Greenwood Heights

‘Hidden Waters of New York’ explores Brooklyn, from Newtown Creek to Coney Island

Brooklyn BookBeat

May 9, 2017 By Raanan Geberer Brooklyn Daily Eagle
Sergey Kadinsky, author of “Hidden Waters of New York City” Photo courtesy of Countryman Press
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The major waterways of New York City, New York Harbor and the Hudson River, are known throughout the world. But the city is home to many lesser-known lakes, streams, bays, ponds and tributaries.

Sergey Kadinsky, a staffer for the city Parks Department and an adjunct professor of history at Touro College, pays tribute to them all in his book “Hidden Waters of New York City” (The Countryman Press, division of W.W. Norton & Co.). Many of the waterways he mentions are in Brooklyn, and the borough merits an entire section in his book.

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Many of the bodies of water he writes about are pleasant indeed: Sheepshead Bay, the lake in Prospect Park, the ponds in Green-Wood Cemetery, some of the inlets off Jamaica Bay. However, the two bodies of water that lead off the Brooklyn section are among the most polluted on the East Coast and probably in the nation: the Gowanus Canal and Newtown Creek. They’re so toxic that both have been designated as Superfund sites.

Kadinsky does an admirable job of describing both. Not only does he describe the pollution and current efforts to lessen it, he takes us into their history. For example, did you know that before the growth of industry, the Gowanus was once a pristine tidal inlet that was known for its oysters?

Kadinsky also details the bridges that traverse both bodies of water, such as the circa-1889 Carroll Street Bridge over the Gowanus, the oldest retractable bridge in the U.S. When a boat comes through the canal, the bridge slides back over tracks onto dry land until the vessel is safely through. For Newtown Creek, he lists not only the bridges that cross it today but also those that have been removed, such as the “Penny Bridge” that gave its name to a now-defunct Long Island Rail Road state.

Sheepshead Bay, on the other hand, is a fishing-boat hub and tourist area. Its piers date to the 1930s, when Emmons Avenue was widened. For years, the central attraction of the community was Lundy’s seafood restaurant; although the restaurant is now closed, its landmark building is still there. If you’re ever in the area, you can also check out the Russian immigrants fishing for herring from the Ocean Avenue foot bridge.

As Kadinsky reminds us, Sheepshead Bay originally ran into Coney Island Creek, making Coney Island a true island. In 1937, to facilitate the construction of the Belt Parkway, the section of Coney Island Creek between the bay and Shell Road was filled in. Part of the surviving portion of the creek is filled with the sunken hulls of small boats.

The star of these is the wreck of the famed “yellow submarine” constructed by Brooklyn resident Jerry Bianco. As Kadinsky tells it, Bianco launched the sub, which he called the Quester, in 1970. He hoped to find the wreck of the ocean liner Andrea Doria, which sank in 1956 after a collision with another ship. However, because there wasn’t enough ballast to keep it on an even keel, Bianco’s submarine “keeled to the side and settled on the shallow bottom of the creek.”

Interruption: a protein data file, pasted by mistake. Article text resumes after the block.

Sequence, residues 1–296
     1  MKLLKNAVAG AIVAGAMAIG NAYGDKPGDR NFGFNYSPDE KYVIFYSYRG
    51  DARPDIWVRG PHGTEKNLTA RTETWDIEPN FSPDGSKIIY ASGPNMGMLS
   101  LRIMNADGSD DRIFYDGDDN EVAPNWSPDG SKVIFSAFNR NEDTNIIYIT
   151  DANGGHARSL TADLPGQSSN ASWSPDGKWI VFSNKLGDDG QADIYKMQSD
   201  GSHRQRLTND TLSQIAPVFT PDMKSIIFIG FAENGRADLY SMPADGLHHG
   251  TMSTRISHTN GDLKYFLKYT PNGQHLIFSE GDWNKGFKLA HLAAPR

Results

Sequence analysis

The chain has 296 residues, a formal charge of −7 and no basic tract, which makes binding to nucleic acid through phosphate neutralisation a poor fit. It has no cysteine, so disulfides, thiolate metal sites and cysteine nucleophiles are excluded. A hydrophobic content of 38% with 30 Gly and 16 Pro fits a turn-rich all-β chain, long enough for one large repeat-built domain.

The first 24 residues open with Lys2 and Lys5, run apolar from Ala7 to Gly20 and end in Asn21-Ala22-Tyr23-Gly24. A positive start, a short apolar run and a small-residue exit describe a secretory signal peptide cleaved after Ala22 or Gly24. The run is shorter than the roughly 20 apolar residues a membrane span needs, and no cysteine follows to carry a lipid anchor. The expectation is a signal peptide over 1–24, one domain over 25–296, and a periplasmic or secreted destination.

Also covered in Hidden Waters of New York City are the various lakes, ponds and brooks inside the city’s parks and cemeteries. Some of these are truly hidden; others, like Prospect Park’s lake, are not. Everyone who is reading this article has probably seen Prospect Park Lake. Kadinsky goes into great detail, describing the various subsidiary ponds, the bridges over the lake, the boathouse and the original source of the water.                                                                                                                                                                                            

A short distance from Prospect Park is Green-Wood Cemetery, and its ponds were built into the original design of the park to create a rural atmosphere. While Green-Wood is no longer as heavy a tourist destination as it was in the mid-19th century before the creation of public parks, it is still a pleasant place to visit, and the ponds contribute to its pleasant aura.

Finally, the book explores the various inlets, creeks and basins in southeast Brooklyn that may be unfamiliar to those who don’t live in the area: Gerritsen Inlet, Mill Basin, Paerdegat Basin and more. If you’ve driven past neighborhoods where the back yards of the houses face the water and have docks and boats attached to them, here’s the place to find out about them.

“Hidden Waters of New York City” is well-written and easy to understand, and it’s a must for anyone who wants to find out more about nature and history in the big city.


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